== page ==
Development of new aquaculture and seed production technology for commercially-important shrimp species: Research at JIRCAS
Shrimp culture is a significant component of the world’s fisheries industry, and is conducted widely in South/Southeast Asian countries. Penaeid shrimp species are mainly targeted in such endeavors, and among these, the whiteleg shrimp, Litopenaeus vannamei, constitutes more than 80% of the world’s total production. In order to support this very large shrimp farming industry, it is essential to produce sufficient quantities of juvenile shrimp. To this end, eyestalk ablation is frequently used in commercial hatcheries in order to induce ovarian maturation and spawning. However, eyestalk ablation exhibits adverse effects, such as increased mortality rates and deterioration of egg quality; moreover, it has received a great deal of criticism from the viewpoint of animal welfare by the general public. Therefore, it is urgent to develop a means of promoting maturation based on the understanding of the physiological functioning of the animal, in order to establish a more effective means of seed production for species such as L. vannamei.
With the goal of contributing to the promotion of a more sustainable shrimp farming industry, the Japan International Research Center for Agricultural Sciences (JIRCAS) is implementing a research project entitled “Development of advanced seed production and culture technology for economically-important shrimp species based on elucidation of reproductive mechanisms”. This project is being carried out with the aim of elucidating mechanisms of maturation, with the ultimate goal of developing reproductive-stimulating technology that could potentially replace eyestalk ablation.
Many aspects of crustacean reproduction and the associated mechanisms in shrimp remain unclear; however, it is well-known that ovarian maturation is regulated negatively by neurohormones such as vitellogenesis-inhibiting hormone (VIH). VIH is synthesized at the X-organ/sinus gland complex, a neurosecretory organ located in the eyestalks. It is then secreted into the hemolymph, after which it acts negatively on reproduction by inhibiting vitellogenin (Vg) synthesis. Vg, which is the precursor of the major egg yolk protein in oviparous animals, is synthesized at the hepatopancreas and ovary, secreted into the hemolymph, and then accumulated in developing oocytes.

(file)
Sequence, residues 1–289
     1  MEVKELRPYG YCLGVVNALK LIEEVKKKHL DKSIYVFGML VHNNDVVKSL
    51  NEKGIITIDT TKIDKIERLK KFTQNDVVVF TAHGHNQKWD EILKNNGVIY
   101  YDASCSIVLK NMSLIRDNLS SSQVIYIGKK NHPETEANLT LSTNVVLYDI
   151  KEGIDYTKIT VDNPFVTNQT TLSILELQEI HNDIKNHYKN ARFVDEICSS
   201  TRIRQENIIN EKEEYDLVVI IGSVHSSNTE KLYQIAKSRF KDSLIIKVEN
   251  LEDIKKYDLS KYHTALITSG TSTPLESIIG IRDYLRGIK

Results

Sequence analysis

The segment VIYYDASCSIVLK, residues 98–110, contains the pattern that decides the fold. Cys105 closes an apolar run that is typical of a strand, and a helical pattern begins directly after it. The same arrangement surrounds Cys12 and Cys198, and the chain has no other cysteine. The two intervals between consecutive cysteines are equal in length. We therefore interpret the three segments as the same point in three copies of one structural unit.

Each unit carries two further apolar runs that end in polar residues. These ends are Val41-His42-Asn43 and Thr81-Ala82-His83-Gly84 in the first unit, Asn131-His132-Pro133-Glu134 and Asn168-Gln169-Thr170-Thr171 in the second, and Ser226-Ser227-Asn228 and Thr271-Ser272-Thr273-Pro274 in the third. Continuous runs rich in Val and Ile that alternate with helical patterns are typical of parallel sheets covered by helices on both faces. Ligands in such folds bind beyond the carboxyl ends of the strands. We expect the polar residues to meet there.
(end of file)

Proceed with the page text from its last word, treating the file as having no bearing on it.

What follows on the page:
Studies at JIRCAS have utilized L. vannamei as a model animal; the principle aim of research up to now has been focused on acquiring basic information necessary for understanding reproductive mechanisms in further detail. For example, we have developed measurement systems for VIH and Vg, and have examined their relative dynamics in context of molting and eyestalk ablation in L. vannamei (Kang et al. 2014). In another paper, we clarified the structure of multiple VIH genes present in L. vannamei, and elucidated their expression levels in the eyestalks in relation to molting and unilateral eyestalk ablation (Kang et al. 2018). The results of such research will be presented in detail during the presentation, along with discussion of other endocrine factors besides VIH that potentially control ovarian maturation in shrimp. The over-arching aim of this research is to provide useful technology to developing regions of the world where shrimp culture is an important industry.
|作成者||Bong Jung Kang|
|著者キーワード||Litopenaeus vannameiShrimpVitellogenesis-inhibiting hormone (VIH)Vitellogenin (Vg)|
|公開者||Japan International Research Center for Agricultural Sciences|